Dr. Ru Zhang, Principal Investigator
Assistant Member, Donald Danforth Plant Science Center, since September 2016
Education and trainings:
Postdoc, Department of Plant Biology, Carnegie Institution for Science, 2010-2016
University of Wisconsin-Madison, PhD, 2009
Nankai University, China, BS, 2005
About: Ru's research experience centers on photosynthesis and range from plant physiology/biochemistry to algal genomics to organelle evolution. During her PhD training at the University of Wisconsin-Madison, she worked with Dr. Thomas Sharkey using gas exchange and spectroscopic methods to study the effects of high temperature on photosynthesis in leaves of Arabidopsis and tobacco plants. During her postdoctoral training with Dr. Martin Jonikas and Dr. Arthur Grossman at the Carnegie Institution for Science, Ru continued to explore photosynthesis by developing high-throughput genotyping and quantitative phenotyping tool for the eukaryotic, unicellular green alga Chlamydomonas reinhardtii to identify photosynthesis-deficient algal mutants on a genome-wide scale. She also participated in the generation of a genome-saturating, indexed, mutant library of Chlamydomonas. The library could be used as both forward and reverse genetic platforms to dissect cellular processes under various conditions. In addition, she has worked on the photo-acclimation of the green amoeba Paulinella chromatophora (which has nascent “plastids” that evolved much more recently, 0.06 billion years ago) to gain insight into the evolution of photosynthetic organelles. She is passionate about how photosynthesis in plants/algae responds to abiotic stresses, especially heat stress. Her long-term career goal is to engineer photosynthesis for improved agricultural and biofuel production. Outside of the lab, Ru enjoys playing with her kids, cooking, swimming, and watching movies.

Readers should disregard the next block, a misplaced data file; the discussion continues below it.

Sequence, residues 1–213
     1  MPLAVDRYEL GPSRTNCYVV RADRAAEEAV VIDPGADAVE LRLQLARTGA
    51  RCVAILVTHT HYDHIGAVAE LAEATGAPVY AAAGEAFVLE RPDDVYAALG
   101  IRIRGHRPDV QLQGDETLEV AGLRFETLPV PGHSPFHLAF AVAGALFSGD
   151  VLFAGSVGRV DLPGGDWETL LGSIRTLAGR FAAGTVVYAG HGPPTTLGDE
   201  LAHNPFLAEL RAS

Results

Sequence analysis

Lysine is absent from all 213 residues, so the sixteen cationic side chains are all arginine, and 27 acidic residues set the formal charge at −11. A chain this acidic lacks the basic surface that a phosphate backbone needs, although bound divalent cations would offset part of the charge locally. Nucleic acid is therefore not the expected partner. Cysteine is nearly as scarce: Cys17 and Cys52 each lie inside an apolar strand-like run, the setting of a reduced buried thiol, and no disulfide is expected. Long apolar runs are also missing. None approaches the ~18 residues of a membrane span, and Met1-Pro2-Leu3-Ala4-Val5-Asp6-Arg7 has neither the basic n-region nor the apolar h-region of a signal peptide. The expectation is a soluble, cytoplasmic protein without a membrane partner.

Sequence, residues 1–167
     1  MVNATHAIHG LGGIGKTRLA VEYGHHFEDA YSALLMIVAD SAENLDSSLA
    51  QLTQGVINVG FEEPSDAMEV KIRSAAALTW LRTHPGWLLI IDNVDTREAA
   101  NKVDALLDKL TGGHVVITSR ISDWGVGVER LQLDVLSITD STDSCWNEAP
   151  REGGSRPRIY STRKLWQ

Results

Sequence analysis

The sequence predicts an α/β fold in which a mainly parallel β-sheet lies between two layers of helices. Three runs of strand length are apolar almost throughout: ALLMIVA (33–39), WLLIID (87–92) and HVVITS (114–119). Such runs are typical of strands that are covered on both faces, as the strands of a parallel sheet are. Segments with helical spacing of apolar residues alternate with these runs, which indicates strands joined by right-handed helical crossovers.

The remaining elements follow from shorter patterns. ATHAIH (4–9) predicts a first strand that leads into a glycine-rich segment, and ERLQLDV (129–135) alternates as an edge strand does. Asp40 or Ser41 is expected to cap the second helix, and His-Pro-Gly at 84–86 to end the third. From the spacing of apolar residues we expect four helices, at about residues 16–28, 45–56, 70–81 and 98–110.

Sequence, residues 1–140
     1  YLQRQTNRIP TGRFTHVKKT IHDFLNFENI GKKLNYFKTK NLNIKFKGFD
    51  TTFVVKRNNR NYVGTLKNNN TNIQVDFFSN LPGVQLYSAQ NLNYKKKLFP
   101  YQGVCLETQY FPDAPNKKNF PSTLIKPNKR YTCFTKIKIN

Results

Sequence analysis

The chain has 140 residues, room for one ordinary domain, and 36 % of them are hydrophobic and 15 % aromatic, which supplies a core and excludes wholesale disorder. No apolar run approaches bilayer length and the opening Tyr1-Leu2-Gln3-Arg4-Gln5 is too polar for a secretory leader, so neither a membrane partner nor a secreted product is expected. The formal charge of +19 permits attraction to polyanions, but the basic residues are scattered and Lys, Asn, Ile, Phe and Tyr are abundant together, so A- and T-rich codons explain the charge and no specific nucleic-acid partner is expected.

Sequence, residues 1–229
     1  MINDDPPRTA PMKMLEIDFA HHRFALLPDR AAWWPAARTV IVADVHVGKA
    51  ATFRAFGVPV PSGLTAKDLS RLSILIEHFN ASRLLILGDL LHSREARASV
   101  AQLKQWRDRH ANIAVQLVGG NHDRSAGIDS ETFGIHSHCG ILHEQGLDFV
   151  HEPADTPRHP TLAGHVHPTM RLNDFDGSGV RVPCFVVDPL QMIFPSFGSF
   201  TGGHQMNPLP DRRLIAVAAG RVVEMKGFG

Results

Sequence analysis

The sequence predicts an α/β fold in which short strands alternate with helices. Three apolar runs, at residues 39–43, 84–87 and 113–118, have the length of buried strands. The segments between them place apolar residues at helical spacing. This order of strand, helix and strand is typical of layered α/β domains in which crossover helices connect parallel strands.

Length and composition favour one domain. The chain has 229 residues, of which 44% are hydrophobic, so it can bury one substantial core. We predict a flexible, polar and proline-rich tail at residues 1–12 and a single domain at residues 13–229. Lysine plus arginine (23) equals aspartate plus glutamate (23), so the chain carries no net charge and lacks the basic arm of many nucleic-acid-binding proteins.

Ph.D. Molecular Biosciences, Arkansas State University. (Graduated with the Outstanding Achievement Award in the Molecular Biosciences Ph.D. program.
M.S. Biotechnology, Arkansas State University.
B.S. Bioengineering, Qindao Agicultural University.